3:25 into the video
Natasha Kirtchuk: I would like to turn to Netanyahu, and basically his legacy. In your opinion, has Netanyahu left Israel better off than when he first came to power as prime minister, and what were his major accomplishments, where did he fail?
Michael Oren: Well, Benjamin Netanyahu was a transformative prime minister. He marshaled in Israel’s transformation from being a largely middle class, even lower middle class agrarian society to a high tech society, a super power economically in terms of innovation, in terms of even military power. He diversified our foreign policy. He opened up the doors to China to Russia, to Africa, to South America that did not exist before. He presided over the signing of the Abraham Accords which in itself was revolutionary.
People don’t know this about Netanyahu, he is actually very war-adverse. He kept us out of major conflicts and the truly large-scale conflict we had was in 2006 in the Lebanon war which was under the prime ministership of Ehud Olmert. Netanyahu does not like war, he kept us out of it. We may miss him on that, by the way, in the future. Many, many aspects. In legislation, about 32 pieces of legislation that lifted up regulatory restrictions, opened up the Israeli economy, so in effect he transformed Israel, making Israel the number one country in the world in terms of the percentage of its GDP that is invested in innovation. Much of that is Netanyahu’s. Netanyahu’s the finance minister, Netanyahu’s the prime minister.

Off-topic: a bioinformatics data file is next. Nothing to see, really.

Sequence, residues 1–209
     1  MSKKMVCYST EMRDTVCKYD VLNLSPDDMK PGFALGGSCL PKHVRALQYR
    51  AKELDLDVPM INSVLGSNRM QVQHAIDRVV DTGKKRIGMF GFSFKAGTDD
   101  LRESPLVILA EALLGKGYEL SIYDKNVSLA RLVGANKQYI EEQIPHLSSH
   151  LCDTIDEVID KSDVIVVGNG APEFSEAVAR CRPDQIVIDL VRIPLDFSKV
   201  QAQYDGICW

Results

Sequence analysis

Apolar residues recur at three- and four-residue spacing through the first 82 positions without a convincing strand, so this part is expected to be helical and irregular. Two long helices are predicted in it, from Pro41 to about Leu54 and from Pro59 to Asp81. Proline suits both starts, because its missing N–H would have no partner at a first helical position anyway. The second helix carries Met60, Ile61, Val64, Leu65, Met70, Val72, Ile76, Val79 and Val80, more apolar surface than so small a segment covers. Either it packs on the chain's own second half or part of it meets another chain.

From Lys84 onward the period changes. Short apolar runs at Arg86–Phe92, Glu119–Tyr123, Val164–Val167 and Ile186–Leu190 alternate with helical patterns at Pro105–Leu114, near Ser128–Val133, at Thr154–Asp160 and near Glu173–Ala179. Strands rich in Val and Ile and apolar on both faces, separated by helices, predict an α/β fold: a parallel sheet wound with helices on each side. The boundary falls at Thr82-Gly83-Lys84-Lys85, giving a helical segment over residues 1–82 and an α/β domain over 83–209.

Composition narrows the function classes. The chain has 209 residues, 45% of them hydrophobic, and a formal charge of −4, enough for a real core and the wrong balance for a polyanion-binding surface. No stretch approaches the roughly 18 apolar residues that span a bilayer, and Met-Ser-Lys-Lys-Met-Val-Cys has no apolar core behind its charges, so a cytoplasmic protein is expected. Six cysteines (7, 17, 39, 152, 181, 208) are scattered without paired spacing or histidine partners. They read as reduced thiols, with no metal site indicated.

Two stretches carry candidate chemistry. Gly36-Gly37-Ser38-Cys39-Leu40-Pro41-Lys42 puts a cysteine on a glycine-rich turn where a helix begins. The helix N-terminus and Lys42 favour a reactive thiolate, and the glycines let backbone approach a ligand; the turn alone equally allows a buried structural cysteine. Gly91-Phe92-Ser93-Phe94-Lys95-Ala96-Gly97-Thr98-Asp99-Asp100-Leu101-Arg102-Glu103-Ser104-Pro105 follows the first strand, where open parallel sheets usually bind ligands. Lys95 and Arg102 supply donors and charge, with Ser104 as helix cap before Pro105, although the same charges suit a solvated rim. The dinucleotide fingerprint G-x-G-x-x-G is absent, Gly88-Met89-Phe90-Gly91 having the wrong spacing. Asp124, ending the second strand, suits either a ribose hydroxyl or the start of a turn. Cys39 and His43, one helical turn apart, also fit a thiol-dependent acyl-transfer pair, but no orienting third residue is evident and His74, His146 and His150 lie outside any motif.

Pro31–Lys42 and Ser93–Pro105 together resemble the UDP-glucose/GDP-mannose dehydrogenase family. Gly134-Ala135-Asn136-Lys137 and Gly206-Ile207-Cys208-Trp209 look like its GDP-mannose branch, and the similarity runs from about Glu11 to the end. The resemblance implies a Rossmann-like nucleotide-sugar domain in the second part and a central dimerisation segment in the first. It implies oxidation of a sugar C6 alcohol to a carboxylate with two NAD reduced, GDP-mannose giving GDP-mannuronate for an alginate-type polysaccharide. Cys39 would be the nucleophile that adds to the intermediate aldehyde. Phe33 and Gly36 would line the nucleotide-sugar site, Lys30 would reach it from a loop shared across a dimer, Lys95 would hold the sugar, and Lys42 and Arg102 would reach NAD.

So yes, I think history will judge leaders differently fifty years, a hundred years from now. Remember that looking back at Truman in the 1940s, people did not like Truman, whereas today he is viewed as one of America’s greatest presidents. I remember Menachem Begin, how many Israelis hated, hated Begin and today everyone thinks of Begin with great nostalgia, sort of wistfully. So people will judge Netanyahu differently. A lot of it depends, Natasha, on the way he exits his office. If he exits as previous prime ministers, Yitzhak Shamir, acknowledging the legitimacy of the Israeli political system of Israeli democracy, or if he follows the precedent of Donald Trump. I think that will determine to a large degree the way his legacy is viewed by future generations.